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Temple Bar, the large maze of riverside streets just to the south of Ha’penny, Millennium and Grattan Bridges, tends to be the first port of call for visitors, thanks largely to the proliferation of sizeable tourist-focussed pubs.
You’re almost guaranteed to find plenty going on here at any time of the week. However, the area can be extremely busy at weekends, so venturing further afield is never a bad idea, particularly if you’re after a more authentic experience.
Top places for traditional live music include O’Donoghue’s (Merrion Row) and The Cobblestone (King Street North), although there’s infinitely more to today’s nightlife scene than accordions and tin whistles.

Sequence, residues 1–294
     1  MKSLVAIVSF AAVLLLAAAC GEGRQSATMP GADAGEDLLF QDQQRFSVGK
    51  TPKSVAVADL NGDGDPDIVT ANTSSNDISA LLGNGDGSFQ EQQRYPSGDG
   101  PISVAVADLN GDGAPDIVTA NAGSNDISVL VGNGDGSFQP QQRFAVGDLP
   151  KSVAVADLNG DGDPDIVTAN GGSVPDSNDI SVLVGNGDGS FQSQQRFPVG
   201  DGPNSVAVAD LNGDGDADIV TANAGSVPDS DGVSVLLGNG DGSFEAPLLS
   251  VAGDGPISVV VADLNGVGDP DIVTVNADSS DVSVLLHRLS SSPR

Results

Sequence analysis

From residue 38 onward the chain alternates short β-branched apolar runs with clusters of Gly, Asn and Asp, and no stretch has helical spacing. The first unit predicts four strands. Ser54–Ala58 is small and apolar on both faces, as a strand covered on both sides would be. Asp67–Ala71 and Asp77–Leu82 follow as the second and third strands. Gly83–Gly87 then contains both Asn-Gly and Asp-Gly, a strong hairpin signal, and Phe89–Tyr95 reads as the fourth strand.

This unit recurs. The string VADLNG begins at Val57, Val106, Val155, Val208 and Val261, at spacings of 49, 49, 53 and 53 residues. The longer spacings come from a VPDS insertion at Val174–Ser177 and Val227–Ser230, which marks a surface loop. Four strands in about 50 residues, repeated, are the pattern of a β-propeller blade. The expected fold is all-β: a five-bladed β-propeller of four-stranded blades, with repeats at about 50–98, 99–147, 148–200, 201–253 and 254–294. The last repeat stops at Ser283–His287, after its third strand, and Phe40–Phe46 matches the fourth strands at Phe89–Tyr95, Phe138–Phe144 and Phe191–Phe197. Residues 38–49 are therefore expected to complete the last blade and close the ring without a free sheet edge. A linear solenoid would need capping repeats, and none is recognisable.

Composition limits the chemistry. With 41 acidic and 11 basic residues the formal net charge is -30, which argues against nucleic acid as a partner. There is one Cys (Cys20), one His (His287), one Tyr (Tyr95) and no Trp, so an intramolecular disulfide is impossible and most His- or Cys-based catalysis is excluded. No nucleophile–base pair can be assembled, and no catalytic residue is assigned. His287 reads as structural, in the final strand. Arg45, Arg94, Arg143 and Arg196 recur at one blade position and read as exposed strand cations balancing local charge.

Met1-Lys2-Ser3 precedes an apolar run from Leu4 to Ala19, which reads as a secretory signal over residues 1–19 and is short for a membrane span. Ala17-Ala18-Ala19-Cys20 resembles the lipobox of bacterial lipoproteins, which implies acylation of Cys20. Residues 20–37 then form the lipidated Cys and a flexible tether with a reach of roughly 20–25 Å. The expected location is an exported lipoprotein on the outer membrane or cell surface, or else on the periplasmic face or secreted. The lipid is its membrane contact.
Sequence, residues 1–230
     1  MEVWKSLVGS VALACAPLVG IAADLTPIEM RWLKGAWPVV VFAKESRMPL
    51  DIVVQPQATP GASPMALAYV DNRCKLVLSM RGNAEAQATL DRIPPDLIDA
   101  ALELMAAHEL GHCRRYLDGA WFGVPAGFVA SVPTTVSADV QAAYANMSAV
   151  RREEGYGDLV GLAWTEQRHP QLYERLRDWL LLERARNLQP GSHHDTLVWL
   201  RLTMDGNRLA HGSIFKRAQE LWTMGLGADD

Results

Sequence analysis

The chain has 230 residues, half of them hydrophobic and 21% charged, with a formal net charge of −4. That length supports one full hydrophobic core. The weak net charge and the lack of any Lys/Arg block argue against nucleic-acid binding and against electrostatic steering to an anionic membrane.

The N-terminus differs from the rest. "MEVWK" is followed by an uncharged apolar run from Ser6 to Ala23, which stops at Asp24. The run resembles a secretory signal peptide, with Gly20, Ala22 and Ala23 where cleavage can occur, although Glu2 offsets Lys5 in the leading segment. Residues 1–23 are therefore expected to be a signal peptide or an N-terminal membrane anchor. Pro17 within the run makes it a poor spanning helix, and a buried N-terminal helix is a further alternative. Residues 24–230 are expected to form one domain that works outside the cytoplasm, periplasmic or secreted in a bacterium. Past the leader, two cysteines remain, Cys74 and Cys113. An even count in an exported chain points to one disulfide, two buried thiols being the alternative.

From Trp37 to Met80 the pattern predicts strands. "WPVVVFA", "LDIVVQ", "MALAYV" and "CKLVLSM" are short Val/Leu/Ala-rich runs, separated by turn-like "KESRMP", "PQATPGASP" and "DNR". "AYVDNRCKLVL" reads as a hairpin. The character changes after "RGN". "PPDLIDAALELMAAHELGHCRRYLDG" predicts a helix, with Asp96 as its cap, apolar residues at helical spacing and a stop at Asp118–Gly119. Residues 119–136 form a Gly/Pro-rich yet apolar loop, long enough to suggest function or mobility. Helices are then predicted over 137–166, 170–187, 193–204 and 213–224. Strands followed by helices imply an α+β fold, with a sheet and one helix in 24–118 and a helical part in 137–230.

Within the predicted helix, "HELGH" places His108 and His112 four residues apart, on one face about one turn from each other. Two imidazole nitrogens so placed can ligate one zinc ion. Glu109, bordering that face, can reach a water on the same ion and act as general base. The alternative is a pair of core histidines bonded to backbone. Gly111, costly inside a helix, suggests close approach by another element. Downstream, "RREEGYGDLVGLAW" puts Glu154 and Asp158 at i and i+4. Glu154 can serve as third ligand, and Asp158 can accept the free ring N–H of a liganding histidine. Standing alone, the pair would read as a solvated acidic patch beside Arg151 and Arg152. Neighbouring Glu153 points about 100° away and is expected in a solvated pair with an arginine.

There are various clubs to choose from, most of which require entry payment, although, on the plus side, big-name DJs are often on the bill.
Don’t forget the relatively new craze in bars dedicated to craft beers and spirits. For visitors who take their drink seriously, there’s a whole world to explore beyond Guinness and Jameson.
Dublin is also a dynamic cultural hub and a great place for catching theatre and other live performances.
The most notable options include the 19th-century Gaiety Theatre (South King Street) and the stylish new Bord Gáis Energy Theatre (Grand Canal Square).
Fill your belly before hitting the town. Need dining inspiration? Visit our eating out in Dublin page.